Holsten’s answer is emphatically yes. He specializes in mixed-income and affordable housing, and has developed $500 million worth of it since 1975. But building a mixed-income building is one thing. Forming an actual community across racial and class lines is another. “Our job as developers is much more than financing buildings and property management,” he says. “It’s trying to build community. That’s the hardest part.”…

One sticking point is the issue of density. Chicagoans feel burned by their past experience with high-rises. And the city has a tradition of homeownership that’s different from other very large American cities. Chicago’s famed “bungalow belt” of brickworker cottages built in the early 20th century offered waves of immigrants affordable single-family homes, and preservationists have formed a nonprofit to protect them.So the CHA’s residents would prefer a house and a porch of their own, but that desire often runs counter to the need to accommodate the thousands who have been displaced…

Between 2008 and 2012, the CHA issued about 14,000 fewer vouchers than HUD funded, building up a surplus of $432 million and earning a rebuke from HUD Secretary Julian Castro. (The CHA says its reserves have since been cut and will be spent down by the end of 2017.) A Chicago Sun-Times and Better Government Association investigation found that four out of 10 voucher units have been cited for building code violations in the last five years.

I am skeptical that the private sector alone can solve these housing issues. The free market tends to lead to exclusion and profit-seeking. It doesn’t provide many solutions to correcting existing inequalities, which in the United States tend to connect race, social class, and housing. See an earlier post for a number of the bad outcomes that can result from a free market approach to housing.

On the other hand, the Chicago Housing Authority has done little good. And Americans from the beginning have been ambivalent about involving government in housing. There is little chance that the government will do much more to provide housing – even as the need for affordable housing is great in many cities – because it is a difficult issue in which to find much support.

Perhaps there is a third approach: the US government props up the mortgage industry! Probably not a good long-term solution but this is what we have and it is a system that privileges homeownership.

The difficulty in returning to public housing

Once people left public housing high-rises in Chicago so that they could be demolished, it was difficult for them to return to new (and limited) public housing units:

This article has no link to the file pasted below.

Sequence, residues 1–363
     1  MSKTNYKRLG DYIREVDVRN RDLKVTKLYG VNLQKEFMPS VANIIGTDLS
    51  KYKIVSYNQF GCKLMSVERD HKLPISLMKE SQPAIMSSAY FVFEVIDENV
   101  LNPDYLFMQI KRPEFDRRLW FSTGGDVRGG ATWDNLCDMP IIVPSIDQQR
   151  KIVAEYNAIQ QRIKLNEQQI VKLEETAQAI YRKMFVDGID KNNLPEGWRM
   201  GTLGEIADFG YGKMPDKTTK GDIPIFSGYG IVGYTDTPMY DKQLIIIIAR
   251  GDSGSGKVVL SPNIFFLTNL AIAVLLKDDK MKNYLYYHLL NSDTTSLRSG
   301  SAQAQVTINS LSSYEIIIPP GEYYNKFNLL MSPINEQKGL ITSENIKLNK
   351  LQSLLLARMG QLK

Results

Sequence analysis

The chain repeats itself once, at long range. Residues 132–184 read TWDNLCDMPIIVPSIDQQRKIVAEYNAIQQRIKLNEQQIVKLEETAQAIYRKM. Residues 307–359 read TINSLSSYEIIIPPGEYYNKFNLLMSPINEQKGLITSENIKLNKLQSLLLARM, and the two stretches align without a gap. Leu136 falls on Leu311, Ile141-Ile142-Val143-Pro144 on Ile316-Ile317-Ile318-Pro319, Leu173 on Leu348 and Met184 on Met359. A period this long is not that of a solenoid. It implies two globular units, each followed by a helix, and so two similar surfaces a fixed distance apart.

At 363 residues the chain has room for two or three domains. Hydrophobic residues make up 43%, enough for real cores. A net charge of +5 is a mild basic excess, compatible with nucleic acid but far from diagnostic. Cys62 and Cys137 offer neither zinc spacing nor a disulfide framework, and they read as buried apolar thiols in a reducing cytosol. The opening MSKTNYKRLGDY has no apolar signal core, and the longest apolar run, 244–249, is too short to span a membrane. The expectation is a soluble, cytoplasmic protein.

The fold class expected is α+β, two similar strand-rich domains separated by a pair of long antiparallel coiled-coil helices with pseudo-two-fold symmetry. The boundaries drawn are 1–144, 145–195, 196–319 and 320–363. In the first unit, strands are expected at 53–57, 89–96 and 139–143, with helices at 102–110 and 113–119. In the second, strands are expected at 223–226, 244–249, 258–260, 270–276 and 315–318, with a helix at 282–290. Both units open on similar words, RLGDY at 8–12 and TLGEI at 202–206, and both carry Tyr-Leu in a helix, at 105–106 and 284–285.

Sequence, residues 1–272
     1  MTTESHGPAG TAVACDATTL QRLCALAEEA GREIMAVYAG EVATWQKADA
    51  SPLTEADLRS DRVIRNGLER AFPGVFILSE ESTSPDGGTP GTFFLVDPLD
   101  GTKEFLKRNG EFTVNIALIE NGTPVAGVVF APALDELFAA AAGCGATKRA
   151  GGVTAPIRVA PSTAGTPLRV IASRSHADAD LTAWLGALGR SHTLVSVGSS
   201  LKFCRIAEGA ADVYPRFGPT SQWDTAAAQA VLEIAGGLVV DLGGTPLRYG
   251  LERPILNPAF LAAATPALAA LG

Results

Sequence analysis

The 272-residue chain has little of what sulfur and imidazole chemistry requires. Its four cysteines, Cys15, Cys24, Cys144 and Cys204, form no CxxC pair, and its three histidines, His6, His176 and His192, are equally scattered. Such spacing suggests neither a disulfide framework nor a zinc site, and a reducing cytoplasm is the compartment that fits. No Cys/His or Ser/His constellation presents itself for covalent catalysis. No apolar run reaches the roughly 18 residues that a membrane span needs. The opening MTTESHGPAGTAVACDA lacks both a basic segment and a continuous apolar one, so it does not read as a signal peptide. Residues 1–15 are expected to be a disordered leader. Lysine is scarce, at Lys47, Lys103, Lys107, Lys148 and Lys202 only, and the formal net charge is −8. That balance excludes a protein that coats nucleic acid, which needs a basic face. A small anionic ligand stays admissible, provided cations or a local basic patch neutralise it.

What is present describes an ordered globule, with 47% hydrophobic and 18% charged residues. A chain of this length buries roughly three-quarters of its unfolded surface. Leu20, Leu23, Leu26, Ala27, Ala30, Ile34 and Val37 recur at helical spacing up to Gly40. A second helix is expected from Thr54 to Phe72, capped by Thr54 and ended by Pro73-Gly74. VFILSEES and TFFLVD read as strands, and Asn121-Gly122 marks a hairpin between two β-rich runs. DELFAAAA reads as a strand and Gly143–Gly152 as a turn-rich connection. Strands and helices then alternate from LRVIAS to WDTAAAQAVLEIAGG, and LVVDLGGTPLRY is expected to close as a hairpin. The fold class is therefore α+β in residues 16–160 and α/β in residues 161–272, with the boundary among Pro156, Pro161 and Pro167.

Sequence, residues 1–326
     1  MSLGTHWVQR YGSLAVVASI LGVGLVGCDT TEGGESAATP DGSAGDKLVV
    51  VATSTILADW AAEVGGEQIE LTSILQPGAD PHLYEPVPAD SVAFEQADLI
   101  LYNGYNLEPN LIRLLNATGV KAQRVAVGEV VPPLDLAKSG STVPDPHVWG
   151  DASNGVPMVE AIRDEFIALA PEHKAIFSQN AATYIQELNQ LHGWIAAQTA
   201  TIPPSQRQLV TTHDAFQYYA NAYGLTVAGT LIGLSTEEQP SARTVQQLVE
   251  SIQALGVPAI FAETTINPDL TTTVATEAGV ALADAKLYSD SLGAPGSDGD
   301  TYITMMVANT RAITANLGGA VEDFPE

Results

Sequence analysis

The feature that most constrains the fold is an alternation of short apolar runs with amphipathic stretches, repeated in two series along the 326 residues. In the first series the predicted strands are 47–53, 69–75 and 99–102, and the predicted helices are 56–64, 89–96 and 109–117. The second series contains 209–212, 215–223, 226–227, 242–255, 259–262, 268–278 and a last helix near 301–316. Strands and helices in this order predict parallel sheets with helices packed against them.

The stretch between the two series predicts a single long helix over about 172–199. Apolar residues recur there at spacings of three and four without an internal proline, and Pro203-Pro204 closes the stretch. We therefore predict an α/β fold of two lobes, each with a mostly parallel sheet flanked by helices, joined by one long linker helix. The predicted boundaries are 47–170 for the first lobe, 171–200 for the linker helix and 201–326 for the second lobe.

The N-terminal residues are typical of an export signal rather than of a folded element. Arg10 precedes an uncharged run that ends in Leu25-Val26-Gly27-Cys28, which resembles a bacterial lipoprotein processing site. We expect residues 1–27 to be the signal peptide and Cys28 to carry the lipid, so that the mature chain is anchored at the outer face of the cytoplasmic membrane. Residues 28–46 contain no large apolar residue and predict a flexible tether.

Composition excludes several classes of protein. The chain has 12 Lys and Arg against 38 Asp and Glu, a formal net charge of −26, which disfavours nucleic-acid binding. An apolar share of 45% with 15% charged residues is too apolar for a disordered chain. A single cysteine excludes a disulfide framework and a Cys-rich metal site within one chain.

Despite the promises that everyone could come back, the numbers don’t add up. The decrepit, infamous Cabrini-Green had 3,600 public housing units. When the rebuilding is complete in 2019, there will be around 2,830 units. Only 30 percent are for families in public housing. Got that? Fewer than 900 units.

The screening process is the next barrier. People are kept out of the new neighborhood if a family member has a single arrest record—even if no charges were pressed. Public housing residents have to submit to mandatory drug testing every year. They can have no record of rent and utility delinquency. They cannot take in friends and relatives. New rules in the neighborhood include no smoking, no barbecuing, no loud music, no washing cars on the street…

But coming back to Cabrini was a huge disruption to her family. Her 17-year-old daughter had a misdemeanor for fighting at school. Brewster had to send her daughter to live with relatives in order to keep her lease…

Another reason most people from Cabrini haven’t come back: finances. Moving is expensive and disruptive, and poor families can’t easily absorb these hits twice when they move away from bulldozers.

And is there any surprise that some residents at Cabrini-Green fought the demolition? The alternatives to even bad public housing high-rises are often not much better. As is also noted in this article and backed up by research, vouchers only go so far as well as many former public housing residents end up in other poor neighborhoods.

It does seem that once the HOPE VI program started in the 1990s, public housing has become less and less of a public issue. Public housing has never been popular in the United States – it took quite an effort to even start a federal program – and efforts in recent decades have moved to decentralize public housing units, limit who can access benefits, and reduce funding for programs. Yet, there is still significant need in the United States for reasonably-priced housing in decent neighborhoods (for example, see the waiting list in Chicago). I would suggest the free market hasn’t done too well in this area; many builders and developers will go for more money rather than supplying needed housing, many residents don’t want cheaper housing or certain kinds of residents nearby, and local regulations including zoning laws often make it difficult to pursue affordable housing or innovative solutions.

Luxury apartments with Cabrini-Green heritage

A new luxury apartment building on the location of the Cabrini-Green public housing high rises appears ready to build on the site’s heritage: